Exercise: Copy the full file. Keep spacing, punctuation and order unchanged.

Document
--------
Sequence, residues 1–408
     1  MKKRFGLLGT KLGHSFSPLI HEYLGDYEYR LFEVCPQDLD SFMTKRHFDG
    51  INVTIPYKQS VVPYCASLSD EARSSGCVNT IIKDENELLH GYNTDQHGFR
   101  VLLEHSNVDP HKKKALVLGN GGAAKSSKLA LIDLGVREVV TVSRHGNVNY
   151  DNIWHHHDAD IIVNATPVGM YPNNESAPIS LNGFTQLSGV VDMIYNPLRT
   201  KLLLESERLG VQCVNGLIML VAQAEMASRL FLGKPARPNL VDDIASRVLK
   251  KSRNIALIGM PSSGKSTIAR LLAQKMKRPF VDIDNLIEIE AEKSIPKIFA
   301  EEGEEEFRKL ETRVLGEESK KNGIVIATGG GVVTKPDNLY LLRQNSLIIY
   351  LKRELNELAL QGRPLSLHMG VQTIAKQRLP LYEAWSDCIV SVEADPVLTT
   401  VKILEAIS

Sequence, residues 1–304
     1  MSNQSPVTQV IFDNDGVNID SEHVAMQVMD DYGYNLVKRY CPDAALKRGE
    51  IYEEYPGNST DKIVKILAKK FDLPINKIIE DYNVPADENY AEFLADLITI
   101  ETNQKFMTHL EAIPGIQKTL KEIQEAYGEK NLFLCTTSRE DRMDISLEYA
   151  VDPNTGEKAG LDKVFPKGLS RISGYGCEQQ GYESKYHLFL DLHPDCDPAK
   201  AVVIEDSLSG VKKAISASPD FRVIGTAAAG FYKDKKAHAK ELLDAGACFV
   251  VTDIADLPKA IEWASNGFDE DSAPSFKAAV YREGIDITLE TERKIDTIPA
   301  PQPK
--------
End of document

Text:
Sequence, residues 1–408
     1  MKKRFGLLGT KLGHSFSPLI HEYLGDYEYR LFEVCPQDLD SFMTKRHFDG
    51  INVTIPYKQS VVPYCASLSD EARSSGCVNT IIKDENELLH GYNTDQHGFR
   101  VLLEHSNVDP HKKKALVLGN GGAAKSSKLA LIDLGVREVV TVSRHGNVNY
   151  DNIWHHHDAD IIVNATPVGM YPNNESAPIS LNGFTQLSGV VDMIYNPLRT
   201  KLLLESERLG VQCVNGLIML VAQAEMASRL FLGKPARPNL VDDIASRVLK
   251  KSRNIALIGM PSSGKSTIAR LLAQKMKRPF VDIDNLIEIE AEKSIPKIFA
   301  EEGEEEFRKL ETRVLGEESK KNGIVIATGG GVVTKPDNLY LLRQNSLIIY
   351  LKRELNELAL QGRPLSLHMG VQTIAKQRLP LYEAWSDCIV SVEADPVLTT
   401  VKILEAIS

Sequence, residues 1–304
     1  MSNQSPVTQV IFDNDGVNID SEHVAMQVMD DYGYNLVKRY CPDAALKRGE
    51  IYEEYPGNST DKIVKILAKK FDLPINKIIE DYNVPADENY AEFLADLITI
   101  ETNQKFMTHL EAIPGIQKTL KEIQEAYGEK NLFLCTTSRE DRMDISLEYA
   151  VDPNTGEKAG LDKVFPKGLS RISGYGCEQQ GYESKYHLFL DLHPDCDPAK
   201  AVVIEDSLSG VKKAISASPD FRVIGTAAAG FYKDKKAHAK ELLDAGACFV
   251  VTDIADLPKA IEWASNGFDE DSAPSFKAAV YREGIDITLE TERKIDTIPA
   301  PQPK